Collaborators in this study include Yasuko Yoshida, Akira Hachiya, PhD, Atsushi Ohuchi, Takashi Kitahara, PhD, and Yoshinori Takema, PhD, of Kao Biological Science Laboratories in Japan, and Marty Visscher, PhD of Cincinnati Children’s Hospital Research Foundation.

Boissy has no financial interest in Kao Biological Sciences Laboratories, sponsor of the study.

Amanda Harper | EurekAlert!
Further information:
http://www.uc.edu

More articles from Health and Medicine:

nachricht On track to heal leukaemia
18.01.2017 | Universitätsspital Bern

nachricht Penn vet research identifies new target for taming Ebola
12.01.2017 | University of Pennsylvania

All articles from Health and Medicine >>>

The most recent press releases about innovation >>>

Die letzten 5 Focus-News des innovations-reports im Überblick:

Im Focus: How gut bacteria can make us ill

HZI researchers decipher infection mechanisms of Yersinia and immune responses of the host

Yersiniae cause severe intestinal infections. Studies using Yersinia pseudotuberculosis as a model organism aim to elucidate the infection mechanisms of these...

Im Focus: Interfacial Superconductivity: Magnetic and superconducting order revealed simultaneously

Researchers from the University of Hamburg in Germany, in collaboration with colleagues from the University of Aarhus in Denmark, have synthesized a new superconducting material by growing a few layers of an antiferromagnetic transition-metal chalcogenide on a bismuth-based topological insulator, both being non-superconducting materials.

While superconductivity and magnetism are generally believed to be mutually exclusive, surprisingly, in this new material, superconducting correlations...

Im Focus: Studying fundamental particles in materials

Laser-driving of semimetals allows creating novel quasiparticle states within condensed matter systems and switching between different states on ultrafast time scales

Studying properties of fundamental particles in condensed matter systems is a promising approach to quantum field theory. Quasiparticles offer the opportunity...

Im Focus: Designing Architecture with Solar Building Envelopes

Among the general public, solar thermal energy is currently associated with dark blue, rectangular collectors on building roofs. Technologies are needed for aesthetically high quality architecture which offer the architect more room for manoeuvre when it comes to low- and plus-energy buildings. With the “ArKol” project, researchers at Fraunhofer ISE together with partners are currently developing two façade collectors for solar thermal energy generation, which permit a high degree of design flexibility: a strip collector for opaque façade sections and a solar thermal blind for transparent sections. The current state of the two developments will be presented at the BAU 2017 trade fair.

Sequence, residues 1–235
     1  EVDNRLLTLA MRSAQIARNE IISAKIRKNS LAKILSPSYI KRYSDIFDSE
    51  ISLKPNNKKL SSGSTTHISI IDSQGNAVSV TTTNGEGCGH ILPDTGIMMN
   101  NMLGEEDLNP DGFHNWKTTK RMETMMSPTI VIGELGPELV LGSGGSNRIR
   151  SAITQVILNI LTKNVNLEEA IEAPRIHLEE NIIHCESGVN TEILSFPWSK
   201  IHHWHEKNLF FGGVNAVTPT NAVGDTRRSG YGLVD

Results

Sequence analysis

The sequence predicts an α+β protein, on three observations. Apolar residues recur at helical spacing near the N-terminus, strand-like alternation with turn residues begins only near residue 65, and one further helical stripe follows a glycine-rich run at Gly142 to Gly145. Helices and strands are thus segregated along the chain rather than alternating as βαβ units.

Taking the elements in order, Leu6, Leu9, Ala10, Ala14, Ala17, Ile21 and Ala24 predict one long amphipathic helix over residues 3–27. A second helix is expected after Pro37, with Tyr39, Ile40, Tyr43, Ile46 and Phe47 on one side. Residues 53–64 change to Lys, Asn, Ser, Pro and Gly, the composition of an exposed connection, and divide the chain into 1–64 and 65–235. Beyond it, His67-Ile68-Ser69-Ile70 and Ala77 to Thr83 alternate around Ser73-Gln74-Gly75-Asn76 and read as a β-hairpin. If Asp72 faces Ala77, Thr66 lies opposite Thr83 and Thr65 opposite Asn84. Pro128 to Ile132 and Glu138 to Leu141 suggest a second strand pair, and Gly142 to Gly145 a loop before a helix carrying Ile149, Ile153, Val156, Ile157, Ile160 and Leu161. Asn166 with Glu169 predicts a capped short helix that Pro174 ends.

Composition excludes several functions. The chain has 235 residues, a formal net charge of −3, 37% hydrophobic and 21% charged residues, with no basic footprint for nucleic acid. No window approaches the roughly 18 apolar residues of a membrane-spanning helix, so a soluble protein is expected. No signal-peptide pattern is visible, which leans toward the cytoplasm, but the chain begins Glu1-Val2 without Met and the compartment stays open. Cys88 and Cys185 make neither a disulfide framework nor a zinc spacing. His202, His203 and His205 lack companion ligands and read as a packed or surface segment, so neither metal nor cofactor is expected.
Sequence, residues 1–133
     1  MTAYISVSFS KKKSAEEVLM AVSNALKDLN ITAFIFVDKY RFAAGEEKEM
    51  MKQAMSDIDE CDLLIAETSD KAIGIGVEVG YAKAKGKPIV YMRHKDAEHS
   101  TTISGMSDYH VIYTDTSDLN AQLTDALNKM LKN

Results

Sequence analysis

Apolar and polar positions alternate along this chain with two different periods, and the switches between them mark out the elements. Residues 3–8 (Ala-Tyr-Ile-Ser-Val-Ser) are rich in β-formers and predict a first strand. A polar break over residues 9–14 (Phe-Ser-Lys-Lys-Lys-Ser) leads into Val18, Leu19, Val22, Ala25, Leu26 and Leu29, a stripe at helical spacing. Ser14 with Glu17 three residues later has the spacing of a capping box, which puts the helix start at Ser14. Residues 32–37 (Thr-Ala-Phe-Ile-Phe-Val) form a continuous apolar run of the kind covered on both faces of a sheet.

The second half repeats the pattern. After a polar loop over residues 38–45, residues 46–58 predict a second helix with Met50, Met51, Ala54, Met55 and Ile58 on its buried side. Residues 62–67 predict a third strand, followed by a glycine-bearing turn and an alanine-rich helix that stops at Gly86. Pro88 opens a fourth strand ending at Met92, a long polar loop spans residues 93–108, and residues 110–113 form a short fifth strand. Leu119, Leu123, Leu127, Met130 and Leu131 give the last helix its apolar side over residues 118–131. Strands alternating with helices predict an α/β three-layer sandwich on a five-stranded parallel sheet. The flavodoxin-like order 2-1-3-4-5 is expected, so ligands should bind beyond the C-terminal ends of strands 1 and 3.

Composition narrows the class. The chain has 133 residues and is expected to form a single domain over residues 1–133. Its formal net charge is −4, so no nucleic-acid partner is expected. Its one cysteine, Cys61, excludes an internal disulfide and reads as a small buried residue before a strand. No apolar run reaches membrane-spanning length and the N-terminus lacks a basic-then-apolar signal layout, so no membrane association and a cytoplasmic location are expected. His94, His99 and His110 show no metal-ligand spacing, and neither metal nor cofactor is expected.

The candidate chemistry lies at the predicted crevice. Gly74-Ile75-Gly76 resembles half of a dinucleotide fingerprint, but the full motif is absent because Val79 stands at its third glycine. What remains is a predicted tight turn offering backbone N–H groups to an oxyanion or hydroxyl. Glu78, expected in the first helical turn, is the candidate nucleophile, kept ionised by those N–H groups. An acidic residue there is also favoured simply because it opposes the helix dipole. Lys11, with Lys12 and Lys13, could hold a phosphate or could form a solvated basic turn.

As part of the “ArKol – development of architecturally highly integrated façade collectors with heat pipes” project, Fraunhofer ISE together with its partners...

Im Focus: How to inflate a hardened concrete shell with a weight of 80 t

At TU Wien, an alternative for resource intensive formwork for the construction of concrete domes was developed. It is now used in a test dome for the Austrian Federal Railways Infrastructure (ÖBB Infrastruktur).

Concrete shells are efficient structures, but not very resource efficient. The formwork for the construction of concrete domes alone requires a high amount of...

All Focus news of the innovation-report >>>

Anzeige

Anzeige

Event News

12V, 48V, high-voltage – trends in E/E automotive architecture

10.01.2017 | Event News

2nd Conference on Non-Textual Information on 10 and 11 May 2017 in Hannover

09.01.2017 | Event News

Nothing will happen without batteries making it happen!

05.01.2017 | Event News

 
Latest News

How gut bacteria can make us ill

18.01.2017 | Life Sciences

On track to heal leukaemia

18.01.2017 | Health and Medicine

Water - as the underlying driver of the Earth’s carbon cycle

17.01.2017 | Earth Sciences

VideoLinks
B2B-VideoLinks
More VideoLinks >>>